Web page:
How the Secrets of Jin-shei came to be
The Secrets of Jin-shei is my signature novel. It has been published in 13 languages so far all over the world and I still get fan letters about it several years after publication.
It started out as ten characters quite literally searching for a plot. The first extant “synopsis” for the novel consists of no more than character sketches for ten little girls, firmly situated (in my head) in a broadly Oriental and very specifically Chinese context. But this was not going to be real China. It was going to be a fantasy. It was going to be a story about the lives of these girls and how they grew into the women they became.
That was it.
And then, completely independently of all this, an Internet friend, Carol Schmidt, sent me a URL for an article in the LA Times on the 15th of April: “China’s Mother Tongue is Dying.” Generations of Chinese women, apparently, passed down a unique form of writing that was kept away from men, a language called nushu, and now the last woman alive who grew up using nushu as an organic language taught to her by her mother is 95 years old and when she dies the language will die with her — it will become no more than a dead thing being studied in language labs by scholars and historians. On the pages of this woman’s notebook is written “the woeful story of a girl trapped in an unhappy marriage, a common lot among women in rural China. But the tale is not what attracts attention. It is how Yang recorded it: in a unique form of writing invented and passed down through generations by the women of Jiangyong — and kept apart from their fathers, husbands and sons.”
My characters stirred on the page on which they had been captured, sighed.
I started doing a little research on nushu on the Internet, and very quickly came up with a scholarly study by an Emmie Tang who mentioned that it was not uncommon for girls to “bond together” in a sisterhood-type relationship with other girls/women who were not their own blood kin, and that such sisters, even when separated by marriage, perhaps, by the length and breadth of China, used the secret language to communicate with each other.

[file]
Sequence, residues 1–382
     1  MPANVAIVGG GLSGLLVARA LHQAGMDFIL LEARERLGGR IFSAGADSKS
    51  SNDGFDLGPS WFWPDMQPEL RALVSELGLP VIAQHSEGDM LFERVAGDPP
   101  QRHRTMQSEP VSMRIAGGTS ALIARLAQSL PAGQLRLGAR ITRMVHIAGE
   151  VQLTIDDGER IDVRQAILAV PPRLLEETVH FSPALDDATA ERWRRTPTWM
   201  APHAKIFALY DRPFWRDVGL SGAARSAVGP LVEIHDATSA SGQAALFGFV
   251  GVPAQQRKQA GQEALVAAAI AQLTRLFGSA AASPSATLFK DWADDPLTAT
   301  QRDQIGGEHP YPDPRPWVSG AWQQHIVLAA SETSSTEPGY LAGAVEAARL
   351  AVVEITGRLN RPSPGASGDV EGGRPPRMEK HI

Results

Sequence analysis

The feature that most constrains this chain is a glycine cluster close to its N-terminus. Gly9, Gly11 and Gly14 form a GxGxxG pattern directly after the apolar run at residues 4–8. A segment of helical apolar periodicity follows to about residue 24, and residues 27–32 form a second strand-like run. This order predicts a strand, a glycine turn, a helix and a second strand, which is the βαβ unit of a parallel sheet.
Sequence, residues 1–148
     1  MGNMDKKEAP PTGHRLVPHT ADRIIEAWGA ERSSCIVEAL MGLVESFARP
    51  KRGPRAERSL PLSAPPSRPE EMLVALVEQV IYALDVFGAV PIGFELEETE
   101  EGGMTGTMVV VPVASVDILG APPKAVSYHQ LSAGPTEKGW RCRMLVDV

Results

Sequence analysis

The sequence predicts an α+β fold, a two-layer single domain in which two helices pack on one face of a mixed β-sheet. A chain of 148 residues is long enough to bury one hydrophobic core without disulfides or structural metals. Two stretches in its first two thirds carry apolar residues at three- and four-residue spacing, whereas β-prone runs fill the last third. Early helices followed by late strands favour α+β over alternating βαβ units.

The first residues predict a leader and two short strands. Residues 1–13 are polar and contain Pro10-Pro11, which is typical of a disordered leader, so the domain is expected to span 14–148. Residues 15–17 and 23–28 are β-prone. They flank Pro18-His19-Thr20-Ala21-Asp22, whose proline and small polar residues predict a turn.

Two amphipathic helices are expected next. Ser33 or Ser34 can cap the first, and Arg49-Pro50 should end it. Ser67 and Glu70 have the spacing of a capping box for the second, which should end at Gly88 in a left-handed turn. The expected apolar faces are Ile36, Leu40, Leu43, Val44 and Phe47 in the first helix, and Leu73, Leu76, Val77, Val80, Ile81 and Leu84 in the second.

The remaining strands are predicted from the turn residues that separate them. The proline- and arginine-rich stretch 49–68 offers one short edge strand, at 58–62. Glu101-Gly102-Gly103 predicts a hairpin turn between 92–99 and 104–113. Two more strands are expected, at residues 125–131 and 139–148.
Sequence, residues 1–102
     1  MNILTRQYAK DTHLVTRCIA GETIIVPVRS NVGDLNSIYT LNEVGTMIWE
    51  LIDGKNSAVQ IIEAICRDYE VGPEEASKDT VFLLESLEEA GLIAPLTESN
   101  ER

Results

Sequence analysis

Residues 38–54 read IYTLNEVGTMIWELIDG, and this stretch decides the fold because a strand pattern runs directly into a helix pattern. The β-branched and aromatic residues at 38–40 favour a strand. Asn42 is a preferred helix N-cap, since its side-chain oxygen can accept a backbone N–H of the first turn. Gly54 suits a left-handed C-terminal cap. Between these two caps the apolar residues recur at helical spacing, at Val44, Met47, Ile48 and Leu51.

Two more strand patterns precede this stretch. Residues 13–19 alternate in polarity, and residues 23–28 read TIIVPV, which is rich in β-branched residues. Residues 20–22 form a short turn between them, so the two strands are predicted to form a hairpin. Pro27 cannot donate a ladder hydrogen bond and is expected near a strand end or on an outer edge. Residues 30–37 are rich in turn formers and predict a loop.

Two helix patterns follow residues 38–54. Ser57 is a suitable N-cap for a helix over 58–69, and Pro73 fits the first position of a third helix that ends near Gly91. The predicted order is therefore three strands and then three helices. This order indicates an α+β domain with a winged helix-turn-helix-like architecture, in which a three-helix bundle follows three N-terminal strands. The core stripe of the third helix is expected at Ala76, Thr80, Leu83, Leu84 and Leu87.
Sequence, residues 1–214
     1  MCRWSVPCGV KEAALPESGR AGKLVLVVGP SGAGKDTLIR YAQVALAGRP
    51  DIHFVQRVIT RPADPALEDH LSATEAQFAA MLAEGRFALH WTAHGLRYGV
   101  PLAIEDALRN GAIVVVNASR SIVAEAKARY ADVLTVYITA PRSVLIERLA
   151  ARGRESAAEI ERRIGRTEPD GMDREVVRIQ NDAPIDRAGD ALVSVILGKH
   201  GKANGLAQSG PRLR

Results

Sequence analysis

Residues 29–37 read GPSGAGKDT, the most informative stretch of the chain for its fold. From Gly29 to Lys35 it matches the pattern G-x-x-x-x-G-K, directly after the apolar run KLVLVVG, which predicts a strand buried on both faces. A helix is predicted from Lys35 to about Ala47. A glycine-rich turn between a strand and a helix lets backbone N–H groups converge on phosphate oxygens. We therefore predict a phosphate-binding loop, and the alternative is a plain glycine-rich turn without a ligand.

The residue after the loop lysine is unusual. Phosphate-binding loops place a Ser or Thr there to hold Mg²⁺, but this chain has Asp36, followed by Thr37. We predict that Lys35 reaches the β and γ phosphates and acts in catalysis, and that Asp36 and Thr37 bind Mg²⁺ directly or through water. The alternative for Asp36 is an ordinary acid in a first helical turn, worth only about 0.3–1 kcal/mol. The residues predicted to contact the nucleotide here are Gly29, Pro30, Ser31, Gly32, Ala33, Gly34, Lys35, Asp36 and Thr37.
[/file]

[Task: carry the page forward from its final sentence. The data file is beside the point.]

My characters rubbed their eyes, sat up, and looked at me.
I researched some more. I discovered a page on Chinese cultural studies, which offered lessons on how a well-bred young Chinese woman should behave, and immediately printed it out to have a list of rules all of which at least one of my characters could break. I came across a gem of a book on an academic site, Court Life in China by Isaac Taylor Headland, which provided me with snippets of everyday life and living of an aristocratic Chinese woman; with descriptions of Peking and its streets and its bazaars; with a hint about marriage customs and childbirth customs and funeral customs; with a short biography of that dragon lady of Chinese history, the Dowager Empress.
One of my characters stood up and said,
“That would be me.”
“Sit down,” I said. “Shut up. I’m working. What is your name anyway?“
So I went researching Chinese names, and one by one the women stepped off the page when their name was called and stood looking at me expectantly. Yes, they were here. Yes, they were alive and breathing and named. Yes, they knew and understood the concept of the secret language and the sisterhood with which they were all to be bound. But what on God’s Green Earth was their story?
I did some more research.